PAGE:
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A couple of weeks ago I came across the website of fashion and editorial photographer Adriana Curcio. I was immediately impressed by the quality of her work and spent the next half an hour looking through (and learning from) her portfolios. I shot Adriana an email and asked if she’d be interested in sharing some tips with DPS readers. Following are 7 tips (and a few images) that she took the time to write up.
When asked to write about tips and advice for aspiring photographers, I mulled over a few different topics, and everything I came up with was technically related. Then, I thought about myself, and my journey into fashion photography, and thought about the advice I wished I’d been given. What I needed were tips about the little things that fall through the cracks when you’re so focused on getting the mechanics down. The truth of the matter is, you can create an image that is 100% technically correct, but the elements that truly make your image worth looking at may be lost. So here’s my list of tips…Getting the Whole Picture.
In my opinion this is the most important bit of advice I can give you. In fact, don’t just prepare, over prepare! I never walk on to a set without having a concrete idea of what I’m looking to achieve. I have books, and books of tear sheets of images of lighting, makeup, hair, styling, posing, editing, etc. It’s very easy to become burnt out as a photographer, but if you have these books of inspiring images to glance through, I can pretty much guarantee something will catch your eye, and a concept or story will begin to develop.
Working in fashion, there is obviously a team of hair stylists, makeup artists, and stylists I work with, however, I’m involved in all of it from A-Z. I’m always open to suggestions, and ideas, and love to see what others can bring to the table, but I never hand over the reigns. You cannot let someone else take over your vision. If you do, it will read in your images. You need a very smooth execution of your story in order for your audience to grasp it, so be sure to take control of it.
I experiment from every possible angle when I’m shooting. I shoot and move, shoot and move. You can’t wait for the shot to come to you, you have to go find it.
I direct, A LOT. There are some models that don’t need a lot of direction, and I love to be inspired by what they bring to set, however, I don’t lose sight of my direction. Again, you can’t wait for the shot to come to you, you have to create it.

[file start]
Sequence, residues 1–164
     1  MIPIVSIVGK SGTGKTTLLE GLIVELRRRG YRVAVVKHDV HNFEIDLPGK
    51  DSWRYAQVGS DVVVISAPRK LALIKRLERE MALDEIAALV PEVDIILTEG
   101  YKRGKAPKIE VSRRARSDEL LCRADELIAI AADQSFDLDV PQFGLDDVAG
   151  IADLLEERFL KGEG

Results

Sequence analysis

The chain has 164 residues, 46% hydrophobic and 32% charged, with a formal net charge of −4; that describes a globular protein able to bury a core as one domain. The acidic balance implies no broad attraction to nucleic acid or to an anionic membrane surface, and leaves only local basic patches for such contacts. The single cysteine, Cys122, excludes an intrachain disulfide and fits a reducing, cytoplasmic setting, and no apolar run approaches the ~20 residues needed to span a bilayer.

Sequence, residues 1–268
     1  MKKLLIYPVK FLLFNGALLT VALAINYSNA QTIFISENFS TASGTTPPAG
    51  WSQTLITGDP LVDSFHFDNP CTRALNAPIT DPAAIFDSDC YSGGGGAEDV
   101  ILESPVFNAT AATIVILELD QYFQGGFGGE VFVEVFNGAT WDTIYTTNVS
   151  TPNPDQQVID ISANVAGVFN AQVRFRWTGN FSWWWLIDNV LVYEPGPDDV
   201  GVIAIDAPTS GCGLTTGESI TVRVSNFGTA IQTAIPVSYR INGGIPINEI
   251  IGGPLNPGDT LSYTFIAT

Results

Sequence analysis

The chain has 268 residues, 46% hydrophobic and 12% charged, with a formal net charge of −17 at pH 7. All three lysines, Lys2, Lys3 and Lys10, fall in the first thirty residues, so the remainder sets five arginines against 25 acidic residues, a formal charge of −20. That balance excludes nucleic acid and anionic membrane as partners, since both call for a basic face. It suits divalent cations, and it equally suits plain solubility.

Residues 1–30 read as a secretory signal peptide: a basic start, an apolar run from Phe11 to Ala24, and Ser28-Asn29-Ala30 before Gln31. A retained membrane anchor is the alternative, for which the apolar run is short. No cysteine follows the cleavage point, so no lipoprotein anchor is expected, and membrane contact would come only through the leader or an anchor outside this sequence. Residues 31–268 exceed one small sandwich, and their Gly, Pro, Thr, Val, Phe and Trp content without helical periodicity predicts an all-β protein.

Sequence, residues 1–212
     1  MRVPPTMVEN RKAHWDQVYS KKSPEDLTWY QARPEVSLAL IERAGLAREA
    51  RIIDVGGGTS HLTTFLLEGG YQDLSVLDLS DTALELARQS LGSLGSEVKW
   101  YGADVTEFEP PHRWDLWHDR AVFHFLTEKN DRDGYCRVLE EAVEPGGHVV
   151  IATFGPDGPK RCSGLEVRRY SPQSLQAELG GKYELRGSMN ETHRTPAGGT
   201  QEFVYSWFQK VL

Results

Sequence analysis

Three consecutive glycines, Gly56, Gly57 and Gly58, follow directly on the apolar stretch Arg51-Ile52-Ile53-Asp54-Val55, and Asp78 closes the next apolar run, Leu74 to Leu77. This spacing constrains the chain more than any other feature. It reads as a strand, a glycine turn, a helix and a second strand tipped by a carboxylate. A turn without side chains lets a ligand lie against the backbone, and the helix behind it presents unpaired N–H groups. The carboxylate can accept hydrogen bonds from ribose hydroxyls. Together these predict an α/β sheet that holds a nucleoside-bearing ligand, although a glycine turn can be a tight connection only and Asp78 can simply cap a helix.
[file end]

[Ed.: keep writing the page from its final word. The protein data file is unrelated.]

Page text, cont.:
Whomever said “rules are meant to be broken,” was on the right track. I was taught the correct way to light my subjects, and for a long time that’s what I did. After a few fortunate accidents, I realized there’s something to be said about high contrast, and dramatic lighting. Not everything needs to be lit just so, or be perfectly flattering. Bend and break the rules, and see what you find. You will surprise yourself.
Shoot whenever, and where ever. The second you stop shooting, is the second your “photographic brain” starts slowly disappearing and getting lazy. You start losing your creative energy, and second guessing yourself, then you begin to thinki maybe you’re not good enough, etc. If you keep on shooting, you don’t have the chance to fall into that hole. Once you’re there, it’s hard to dig yourself out! Shoot, shoot, shoot!
You have to believe in yourself, and your work! The best way to learn is to completely throw yourself into it. You can’t be afraid to screw up! The reality of the situation is that inevitably, you will screw up! But it’s ok, it’s actually wonderful because it’s how you learn. Every time I make a mistake on set, I learn, and know better for next time. My first shoot with clients, I almost walked off set because I didn’t trust myself, and I was so scared of making a mistake, and embarrassing myself. I sat there running through all the possible disasters that could occur, then I shut it all out because I knew if I didn’t shoot then, I never would! The images from that shoot are some of my favorite images to date!
Do yourself a favor and check out more of Adriana’s fashion and editorial photography at www.adrianacurcio.com.
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